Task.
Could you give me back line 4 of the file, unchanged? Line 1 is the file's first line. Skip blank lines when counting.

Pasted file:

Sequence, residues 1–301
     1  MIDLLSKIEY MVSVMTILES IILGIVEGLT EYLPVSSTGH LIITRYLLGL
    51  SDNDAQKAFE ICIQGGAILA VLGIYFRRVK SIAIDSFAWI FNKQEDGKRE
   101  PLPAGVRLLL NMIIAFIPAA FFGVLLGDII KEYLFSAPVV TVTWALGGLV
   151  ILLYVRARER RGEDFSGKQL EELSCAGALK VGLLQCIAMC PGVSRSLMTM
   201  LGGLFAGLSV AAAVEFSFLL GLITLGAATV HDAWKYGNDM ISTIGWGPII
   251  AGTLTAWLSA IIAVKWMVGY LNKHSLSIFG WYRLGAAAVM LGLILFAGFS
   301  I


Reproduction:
   101  PLPAGVRLLL NMIIAFIPAA FFGVLLGDII KEYLFSAPVV TVTWALGGLV